As COVID-19 cases spike across the nation and millions face ongoing economic insecurity, Senate Republicans have largely failed to include robust and flexible aid to states, territories, tribal governments, and local governments as part of their newly unveiled plan. This aid is badly needed in order to avoid damaging cuts that would further weaken our economy and harm those most impacted by the pandemic.
Washington’s economic downturn leaves the state facing an $8.8 billion budget shortfall through 2023. As we have already written, recent economic forecasts show that Washington’s economy is careening downward at great speed, making economic stimulus an absolute necessity for an equitable recovery.
The federal government must step up and pass significant and flexible federal relief to state and local governments. In addition, state lawmakers can and should raise revenue to ensure we have enough resources to maintain services and make the investments we need to get Washingtonians through this crisis. Still, more will be needed to manage this crisis. Cutting state services and jobs will devastate the economy and guarantee a prolonged recession.
Federal aid can prevent increased economic hardship
As a result of historical and persistent institutional racism, the economic fallout of the COVID-19 crisis is hitting Black, Latinx, Indigenous and immigrant households the hardest – causing dramatic increases in unemployment and leaving many families unable to pay rent and afford food. New findings from the Center on Budget and Policy Priorities show a sharp rise in economic hardship for tens of millions of people, many of them children.
The report finds that in Washington state:
- 445,000 households do not have enough food, including 261,000 children
- 208,000 households are already at least one month behind on rent
- 554,000 people have applied for unemployment insurance
Addressing these pressing needs requires more resources and swift action by federal lawmakers to pass aid on to the state. State leaders must increase investments in public health, education, and social services to respond to COVID-19 and alleviate this economic hardship. As families struggle to meet basic needs, cash, food, and housing supports are crucial to protect public health. Schools also face an urgent need for new technologies to facilitate online learning – and in school districts that are reopening, there’s an increased for facility cleaning and other resources to ensure that students, teachers, and staff are safe while kids learn. Long-term care services and supports have become even more important to protect seniors, people with disabilities, and those most likely to be hospitalized and die from COVID-19.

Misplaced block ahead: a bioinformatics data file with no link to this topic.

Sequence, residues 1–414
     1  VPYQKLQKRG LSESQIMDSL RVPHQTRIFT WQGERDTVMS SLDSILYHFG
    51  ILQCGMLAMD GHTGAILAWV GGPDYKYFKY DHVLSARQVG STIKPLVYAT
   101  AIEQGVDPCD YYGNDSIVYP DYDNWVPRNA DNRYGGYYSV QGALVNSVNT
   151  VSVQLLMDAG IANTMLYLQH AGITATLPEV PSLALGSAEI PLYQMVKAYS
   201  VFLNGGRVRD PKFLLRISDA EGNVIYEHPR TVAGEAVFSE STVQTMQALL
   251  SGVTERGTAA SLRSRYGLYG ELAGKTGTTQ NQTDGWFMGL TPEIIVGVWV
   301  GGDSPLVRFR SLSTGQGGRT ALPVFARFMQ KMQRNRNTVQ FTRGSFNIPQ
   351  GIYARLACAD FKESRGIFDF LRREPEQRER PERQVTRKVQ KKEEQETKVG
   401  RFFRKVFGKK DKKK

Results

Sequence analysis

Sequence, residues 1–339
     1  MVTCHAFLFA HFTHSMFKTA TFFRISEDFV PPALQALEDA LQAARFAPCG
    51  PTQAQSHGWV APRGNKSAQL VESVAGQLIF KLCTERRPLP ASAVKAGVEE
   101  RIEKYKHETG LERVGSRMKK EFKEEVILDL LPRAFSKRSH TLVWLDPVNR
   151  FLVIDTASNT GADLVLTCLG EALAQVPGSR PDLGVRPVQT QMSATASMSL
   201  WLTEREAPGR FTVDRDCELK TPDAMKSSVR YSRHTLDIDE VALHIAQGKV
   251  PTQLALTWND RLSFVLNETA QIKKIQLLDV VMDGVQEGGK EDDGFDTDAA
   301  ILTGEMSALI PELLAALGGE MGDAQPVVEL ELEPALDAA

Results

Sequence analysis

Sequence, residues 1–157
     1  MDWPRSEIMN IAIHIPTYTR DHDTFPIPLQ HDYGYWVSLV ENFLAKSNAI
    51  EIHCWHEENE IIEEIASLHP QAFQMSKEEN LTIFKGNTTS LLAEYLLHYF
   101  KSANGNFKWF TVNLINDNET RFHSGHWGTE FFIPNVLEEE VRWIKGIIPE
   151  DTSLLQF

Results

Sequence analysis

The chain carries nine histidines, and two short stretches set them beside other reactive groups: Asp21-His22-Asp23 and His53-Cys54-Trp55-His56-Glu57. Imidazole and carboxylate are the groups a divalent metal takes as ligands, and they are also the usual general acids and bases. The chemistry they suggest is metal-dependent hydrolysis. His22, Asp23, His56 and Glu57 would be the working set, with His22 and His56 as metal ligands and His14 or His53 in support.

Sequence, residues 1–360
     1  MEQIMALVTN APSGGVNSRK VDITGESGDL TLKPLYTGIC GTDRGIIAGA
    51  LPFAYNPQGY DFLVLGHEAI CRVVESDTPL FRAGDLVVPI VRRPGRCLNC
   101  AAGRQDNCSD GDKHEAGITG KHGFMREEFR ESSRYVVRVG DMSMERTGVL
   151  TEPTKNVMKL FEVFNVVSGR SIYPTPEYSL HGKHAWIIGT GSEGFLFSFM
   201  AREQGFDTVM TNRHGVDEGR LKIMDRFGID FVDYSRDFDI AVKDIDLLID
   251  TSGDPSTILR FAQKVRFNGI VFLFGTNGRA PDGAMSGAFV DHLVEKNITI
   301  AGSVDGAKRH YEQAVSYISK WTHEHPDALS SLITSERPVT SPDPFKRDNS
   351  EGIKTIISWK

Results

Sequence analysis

Federal aid can help state leaders jumpstart our economic recovery
The federal government must provide flexible grant aid to state and local governments. The House-passed Heroes Act includes significant and flexible relief, both by providing flexible grant aid and by strengthening and extending the temporary increase in the federal share of Medicaid costs in the Families First Coronavirus Response Act.
States that keep money flowing in hard times – to schools, small businesses, hospitals, and individuals – bounce back faster from a recession. State legislators will need increased revenue to maintain current services and make the investments needed to get Washingtonians through this crisis.
Progressive revenue sources like a capital gains tax on the ultra-wealthy and new taxes on the excessive wages and salaries paid to CEOs and other highly paid employees at large corporations can help meet this need. However, no one source of revenue is going to be enough to address a shortfall this large. Conversely, sales tax and other regressive revenue options would disproportionately fall on Washingtonians with low and moderate incomes, worsening economic disparities. Given that many people of color are more likely to have lower incomes because of racist policies that create barriers to wealth and opportunity, these regressive revenue options would also worsen racial disparities.
Taken together, significant and flexible federal relief and new progressive state revenues would generate enough stimulus to kick-start Washington’s economy, protecting against a longer and deeper recession. Washingtonians need their federal and state lawmakers to act now to make sure the next round of COVID-19 relief – likely the last round before the election – is adequate. The health of our state budget, our economy, and our people depend on it.
For further analysis about the many shortcomings of the Senate Republican proposal, read this statement from the Center on Budget and Policy Priorities.